Debt Collection Lawsuits in Common Pleas Arbitration

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Credit card companies, debt buyers, and collection agencies sue thousands of consumers each year in Pennsylvania’s common pleas courts. BCJ Law’s debt defense attorney defends Pennsylvania residents in collection lawsuits filed in Pennsylvania’s common pleas courts. Our clients don’t owe us anything unless we win their case.

If you need help with a collection lawsuit, read our debt collection lawsuit page. To get a free case review from BCJ Law’s debt defense attorney, call 1-800-997-5561, or complete our contact form.

What is a court of common pleas?

Two debt collectors "filed lawsuits against consumers without having the intent to prove many of the debts."

CFPB Press Release (2015).

There’s a court of common pleas (also called common pleas court or “CCP”) in all of Pennsylvania’s 67 counties. The common pleas court usually is located in the seat of each county. For example, the Allegheny County court of common pleas is located in Pittsburgh, Pennsylvania.

While the vast majority of debt collection lawsuits are filed in magistrate court, some debt collectors sue exclusively in common pleas court. Debt collectors also must sue in the common pleas court if the amount of debt they seek is over $12,000.

When a lawsuit is filed in a Pennsylvania common pleas court, it usually is placed on the arbitration docket. Common pleas arbitration cases are less formal than general docket cases. Discovery is limited or does not occur, and your case usually is heard by a panel of arbiters. The panel generally is composed of three local attorneys.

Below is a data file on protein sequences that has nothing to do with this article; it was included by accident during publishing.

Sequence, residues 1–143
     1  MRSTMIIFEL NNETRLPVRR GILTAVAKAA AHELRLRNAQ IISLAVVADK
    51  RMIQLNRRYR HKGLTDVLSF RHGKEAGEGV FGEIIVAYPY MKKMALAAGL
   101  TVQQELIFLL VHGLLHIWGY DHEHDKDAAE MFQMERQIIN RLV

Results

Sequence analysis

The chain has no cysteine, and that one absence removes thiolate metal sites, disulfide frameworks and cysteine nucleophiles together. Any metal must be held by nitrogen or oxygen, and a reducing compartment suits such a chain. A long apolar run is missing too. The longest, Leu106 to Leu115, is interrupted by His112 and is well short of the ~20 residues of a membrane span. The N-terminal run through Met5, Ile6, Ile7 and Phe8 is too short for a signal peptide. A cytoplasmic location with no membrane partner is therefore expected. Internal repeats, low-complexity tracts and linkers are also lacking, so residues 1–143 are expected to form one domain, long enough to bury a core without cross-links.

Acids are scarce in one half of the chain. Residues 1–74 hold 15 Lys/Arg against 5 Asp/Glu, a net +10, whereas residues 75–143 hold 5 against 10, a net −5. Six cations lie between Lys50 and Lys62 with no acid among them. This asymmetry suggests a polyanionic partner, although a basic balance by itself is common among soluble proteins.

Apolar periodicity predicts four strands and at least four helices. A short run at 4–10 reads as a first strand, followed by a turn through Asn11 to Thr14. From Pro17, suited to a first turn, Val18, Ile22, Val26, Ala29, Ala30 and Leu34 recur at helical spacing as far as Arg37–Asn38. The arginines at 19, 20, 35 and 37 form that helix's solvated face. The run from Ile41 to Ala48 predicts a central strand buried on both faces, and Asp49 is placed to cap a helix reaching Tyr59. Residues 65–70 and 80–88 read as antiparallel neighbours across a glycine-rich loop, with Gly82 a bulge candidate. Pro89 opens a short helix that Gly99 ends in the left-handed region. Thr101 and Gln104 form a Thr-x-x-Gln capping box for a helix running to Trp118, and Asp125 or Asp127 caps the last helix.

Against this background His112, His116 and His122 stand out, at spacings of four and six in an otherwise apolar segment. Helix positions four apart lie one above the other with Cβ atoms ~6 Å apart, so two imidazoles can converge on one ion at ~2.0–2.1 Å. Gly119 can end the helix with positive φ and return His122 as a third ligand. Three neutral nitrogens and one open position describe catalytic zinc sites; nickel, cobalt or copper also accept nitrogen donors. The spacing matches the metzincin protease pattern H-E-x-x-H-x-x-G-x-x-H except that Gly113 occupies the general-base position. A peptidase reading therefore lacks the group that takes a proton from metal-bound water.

How do I respond to CCP collection lawsuits?

Responding to a court of common pleas lawsuit is fairly complicated. The first step is deciding whether to file an answer or preliminary objections. Next decide if you wish to or if you even can conduct discovery. The final step is deciding how to approach mediation, arbitration, and trial.

Filing preliminary objections.

Preliminary objections are a type of pleading allowed by the Pennsylvania rules of civil procedure. Our debt defense attorney files preliminary objections when a complaint is legally deficient, either because it fails to meet the Pennsylvania rules of civil procedure, fails to state a claim for relief, or fails for another reason.

Filing an answer.

An answer is another pleading allowed by the Pennsylvania rules of civil procedure. In an answer, you either admit or deny the allegations contained in a debt collection complaint. A common mistake unrepresented parties make is making general denials. If you do this, your denials are treated as admissions.

Discovery.

Discovery is a fact finding process provided for by the Pennsylvania rules of civil procedure. Discovery usually does not occur in cases on the arbitration dockets or, if it does, is very restricted. That said, you still can request documents and information from a debt collector if you wish.

Attending collection mediation.

Some Pennsylvania common pleas courts have mediation programs for debt collection lawsuits. You can check your local rules, which should be on your local court website, to see if your common pleas court has a collection mediation program. These programs often are created for purposes of efficiency. If your court has a mediation program, and you fail to attend, then you likely will lose your case.

Attending arbitration.

If a case doesn’t end at preliminary objections, or if you file an answer, then your case likely will end at an arbitration hearing. Pennsylvania arbitration hearings are conducted before an arbitration panel, which usually is composed of three local attorneys. As explained below, debt collectors usually don’t bring witnesses to testify at arbitration hearings. Instead, debt collectors hire appearance attorneys to present whatever documents a debt collector may have.